Why are we discussing born digital content?

Born digital content is the future of records management and the future of archives as well. According to research done by the New York State Archives 90% of today’s records are created electronically (born digital) and 70% of paper records were also created electronically and printed out. 

With this in mind, archivists and records managers across must make plans to address these record formats, including word processing documents, spreadsheets, PDFs, databases, scanned images, email and attachments, presentations, photos, websites, social media, audio recordings, videos, electronic publications, Geographic Information System (GIS), Computer Aided Design (CAD) and more.

How do records managers and archivists preserve these born digital records created by these varying media systems? 

The same way we preserve paper documents: with care and knowledge of the medium. One of the challenges found in preserving born digital records is how quickly new technologies are born — and die. These born digital records must be monitored. Documents may need to be migrated to new equipment and/or file formats, or they risk becoming inaccessible, unreadable, or obsolete and lost to the world.

Other challenges archivists and records managers are facing in the struggle to preserve born digital records.

Digital record loss posterStorage — It may take up less physical space, but digital space is not free! It costs money to store such vast quantities of data on servers, just as it costs money to store paper records now. 

Continuous Changes — Some applications require constant updating and changing, like websites, social media and GIS. How then do we keep up with media that are almost always in flux? The Wyoming State Archives (WSA) does have a strategy for capturing state websites.

The WSA is partnering with the Internet Archive’s Archive-It Program to selectively capture, preserve, and make accessible websites created by Wyoming’s state agencies and officials. The Archive-It Program allows the capture of relevant web content and ensures its long-term access through the Internet Archive’s website. The Archive-It Program selectively crawls either web domains or individual web pages, taking a snapshot of the page, and storing a copy in the Internet Archive. The web page is then made publicly accessible on the Archive-It partner page. The web content collected reflects the administrative functions of Wyoming state government.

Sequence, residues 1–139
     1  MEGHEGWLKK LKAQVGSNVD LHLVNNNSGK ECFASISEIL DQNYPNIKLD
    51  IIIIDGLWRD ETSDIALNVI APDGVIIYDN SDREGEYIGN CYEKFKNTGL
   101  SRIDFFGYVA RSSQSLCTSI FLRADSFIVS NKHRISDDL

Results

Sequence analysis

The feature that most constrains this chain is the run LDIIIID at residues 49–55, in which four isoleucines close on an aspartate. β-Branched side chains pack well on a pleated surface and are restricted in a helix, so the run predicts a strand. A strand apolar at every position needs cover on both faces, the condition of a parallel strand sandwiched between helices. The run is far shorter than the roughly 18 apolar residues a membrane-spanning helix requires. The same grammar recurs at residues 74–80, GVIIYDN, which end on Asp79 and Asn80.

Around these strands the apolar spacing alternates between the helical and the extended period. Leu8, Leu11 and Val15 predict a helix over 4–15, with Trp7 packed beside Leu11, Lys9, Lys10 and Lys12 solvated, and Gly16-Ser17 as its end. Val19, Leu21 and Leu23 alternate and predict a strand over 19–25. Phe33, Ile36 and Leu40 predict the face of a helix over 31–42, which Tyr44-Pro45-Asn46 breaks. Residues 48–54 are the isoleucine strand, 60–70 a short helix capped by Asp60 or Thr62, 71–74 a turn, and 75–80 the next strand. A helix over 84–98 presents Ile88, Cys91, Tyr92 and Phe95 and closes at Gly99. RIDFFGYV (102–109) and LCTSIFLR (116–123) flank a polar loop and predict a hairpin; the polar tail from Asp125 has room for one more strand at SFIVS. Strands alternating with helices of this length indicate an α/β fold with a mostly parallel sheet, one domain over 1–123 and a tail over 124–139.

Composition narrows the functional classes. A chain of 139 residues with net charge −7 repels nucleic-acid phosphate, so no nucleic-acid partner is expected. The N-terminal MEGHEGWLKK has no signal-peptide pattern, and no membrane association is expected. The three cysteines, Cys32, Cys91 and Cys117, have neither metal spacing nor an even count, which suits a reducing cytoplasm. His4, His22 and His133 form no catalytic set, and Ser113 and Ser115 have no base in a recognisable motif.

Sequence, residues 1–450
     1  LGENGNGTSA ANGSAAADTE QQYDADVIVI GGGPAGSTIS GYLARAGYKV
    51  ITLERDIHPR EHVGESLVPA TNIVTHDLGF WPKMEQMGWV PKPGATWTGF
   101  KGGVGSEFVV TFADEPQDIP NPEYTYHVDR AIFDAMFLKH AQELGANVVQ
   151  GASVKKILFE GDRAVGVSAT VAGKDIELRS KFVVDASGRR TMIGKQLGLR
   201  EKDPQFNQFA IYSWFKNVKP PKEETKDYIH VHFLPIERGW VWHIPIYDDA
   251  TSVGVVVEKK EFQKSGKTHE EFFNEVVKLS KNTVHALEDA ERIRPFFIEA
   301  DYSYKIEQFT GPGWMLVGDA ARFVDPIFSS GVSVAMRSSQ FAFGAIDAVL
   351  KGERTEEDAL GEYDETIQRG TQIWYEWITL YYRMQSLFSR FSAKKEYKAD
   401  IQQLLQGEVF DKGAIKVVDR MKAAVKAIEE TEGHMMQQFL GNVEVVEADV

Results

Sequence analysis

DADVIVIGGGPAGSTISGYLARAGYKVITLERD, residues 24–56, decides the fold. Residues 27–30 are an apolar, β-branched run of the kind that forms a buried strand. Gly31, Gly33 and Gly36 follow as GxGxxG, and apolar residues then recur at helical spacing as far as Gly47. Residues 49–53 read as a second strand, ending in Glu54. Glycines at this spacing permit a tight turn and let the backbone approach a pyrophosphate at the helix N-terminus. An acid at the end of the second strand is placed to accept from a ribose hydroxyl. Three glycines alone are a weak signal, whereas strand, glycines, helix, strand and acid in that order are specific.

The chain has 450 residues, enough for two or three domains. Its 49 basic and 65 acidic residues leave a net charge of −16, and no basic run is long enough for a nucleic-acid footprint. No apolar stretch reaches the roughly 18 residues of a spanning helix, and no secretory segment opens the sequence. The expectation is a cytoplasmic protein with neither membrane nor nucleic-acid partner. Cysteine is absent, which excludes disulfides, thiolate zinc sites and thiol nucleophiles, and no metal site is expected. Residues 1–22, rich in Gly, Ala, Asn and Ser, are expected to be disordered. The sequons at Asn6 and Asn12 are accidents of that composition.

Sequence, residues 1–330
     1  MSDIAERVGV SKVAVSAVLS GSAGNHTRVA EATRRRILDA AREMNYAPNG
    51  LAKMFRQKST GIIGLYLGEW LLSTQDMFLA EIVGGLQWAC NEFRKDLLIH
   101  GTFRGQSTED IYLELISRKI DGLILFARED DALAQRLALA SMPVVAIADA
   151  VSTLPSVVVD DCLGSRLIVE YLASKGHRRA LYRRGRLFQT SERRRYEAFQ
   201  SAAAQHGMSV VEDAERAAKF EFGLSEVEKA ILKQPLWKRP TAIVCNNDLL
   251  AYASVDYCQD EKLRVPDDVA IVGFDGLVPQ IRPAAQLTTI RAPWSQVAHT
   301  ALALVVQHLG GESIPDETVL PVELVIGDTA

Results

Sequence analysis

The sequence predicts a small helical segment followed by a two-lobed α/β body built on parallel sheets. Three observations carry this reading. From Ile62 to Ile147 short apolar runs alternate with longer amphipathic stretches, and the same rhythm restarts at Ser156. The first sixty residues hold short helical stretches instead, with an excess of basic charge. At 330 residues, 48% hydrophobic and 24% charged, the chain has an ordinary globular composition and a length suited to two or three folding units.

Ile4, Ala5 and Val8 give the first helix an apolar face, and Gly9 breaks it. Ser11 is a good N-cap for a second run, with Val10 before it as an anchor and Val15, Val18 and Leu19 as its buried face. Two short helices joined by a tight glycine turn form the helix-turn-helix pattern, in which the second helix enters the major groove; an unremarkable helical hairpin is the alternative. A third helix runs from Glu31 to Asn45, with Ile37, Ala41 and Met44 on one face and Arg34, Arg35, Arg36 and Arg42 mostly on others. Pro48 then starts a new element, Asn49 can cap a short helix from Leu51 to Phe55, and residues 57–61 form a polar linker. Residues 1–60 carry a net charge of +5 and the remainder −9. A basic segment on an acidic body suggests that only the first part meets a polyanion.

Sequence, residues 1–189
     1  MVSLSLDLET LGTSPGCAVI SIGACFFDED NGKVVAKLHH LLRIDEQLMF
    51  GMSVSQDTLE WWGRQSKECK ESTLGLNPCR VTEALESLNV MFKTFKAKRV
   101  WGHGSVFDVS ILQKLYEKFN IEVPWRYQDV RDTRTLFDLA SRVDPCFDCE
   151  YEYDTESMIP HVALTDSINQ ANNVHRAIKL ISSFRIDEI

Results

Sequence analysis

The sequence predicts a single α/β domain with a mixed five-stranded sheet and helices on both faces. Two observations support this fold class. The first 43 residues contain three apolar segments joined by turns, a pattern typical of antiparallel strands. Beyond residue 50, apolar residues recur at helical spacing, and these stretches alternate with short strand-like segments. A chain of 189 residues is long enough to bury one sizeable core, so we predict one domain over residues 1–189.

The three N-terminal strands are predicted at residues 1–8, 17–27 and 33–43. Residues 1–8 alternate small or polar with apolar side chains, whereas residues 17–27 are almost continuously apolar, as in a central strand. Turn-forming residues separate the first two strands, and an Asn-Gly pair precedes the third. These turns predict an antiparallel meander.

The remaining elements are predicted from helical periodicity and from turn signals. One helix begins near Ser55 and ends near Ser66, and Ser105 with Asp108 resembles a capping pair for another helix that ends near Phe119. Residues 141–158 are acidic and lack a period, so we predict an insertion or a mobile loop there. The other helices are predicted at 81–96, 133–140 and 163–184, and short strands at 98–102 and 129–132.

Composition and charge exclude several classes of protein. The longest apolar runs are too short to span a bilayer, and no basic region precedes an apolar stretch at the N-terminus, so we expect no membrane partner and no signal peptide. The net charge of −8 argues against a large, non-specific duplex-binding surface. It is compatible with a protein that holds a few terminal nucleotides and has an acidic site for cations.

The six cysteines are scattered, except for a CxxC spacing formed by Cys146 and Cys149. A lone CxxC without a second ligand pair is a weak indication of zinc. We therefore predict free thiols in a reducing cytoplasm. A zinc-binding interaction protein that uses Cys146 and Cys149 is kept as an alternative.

Bit Rot — Digital data is susceptible to loss, called “bit rot”. Much like the deterioration of paper or photographs, this loss degrades the quality of files and images, sometimes to the point that they are no longer readable.

How does the WSA manage born digital records?

Our archivists work with state agencies and county governments to help them maintain and preserve records, both paper and born digital. The born digital records include state websites, word processing documents, spreadsheets, presentations, reports and a plethora of other documentation. These documents and more can be found within the Wyoming State Digital Archives. The State’s emails and attachments are maintained by ETS (Enterprise Technology Service) the State’s IT department,  not by the WSA.

The process to incorporate born digital records for state agencies is simple. As long as the various state agencies follow their records retention schedules then they will know when to either pass the records onto the WSA or to get rid of the records. Agencies can also transfer inactive records to the Digital Archives first and then our records managers delete them when their retention period is up. Born digital records also come to us in all forms: floppy discs, CDs, via email, on servers, hard drives, USB drives, etc. When sending in born digital records our preferred formats are:

  • Image: jpeg, jpeg-2000, tiff
  • Text: txt, html, xml, PDF/A, Open Office XML
  • Audio: afif, wav
  • Video: mp4, avi
  • Databases: xml or convert to csv

Governor Gordon’s Office and Digital Records

Governor Mark Gordon’s office understands the challenges of born digital records. The Office of the Governor has reached out to the WSA for tips on how to manage and preserve the records being created every day in the course of the Governor’s work for Wyoming. Soon, the Governor’s staff may begin uploading digital files into the Wyoming Digital Archives for preservation – right from their own computers to the WSA.

Looking to the Future

Born digital records are the future of records and archives. This means records managers and archivists must plan and act now to ensure these records are properly cared for and accessible to future generations.

The Federal Government has mandated that the National Archives and Records Administration (NARA) cease accepting paper records from the various Federal Agencies after December 31, 2022. While the State of Wyoming has not officially made this leap, that day will come. And the work we and other stakeholders do today will ensure that the Wyoming State Archives will be ready when it does.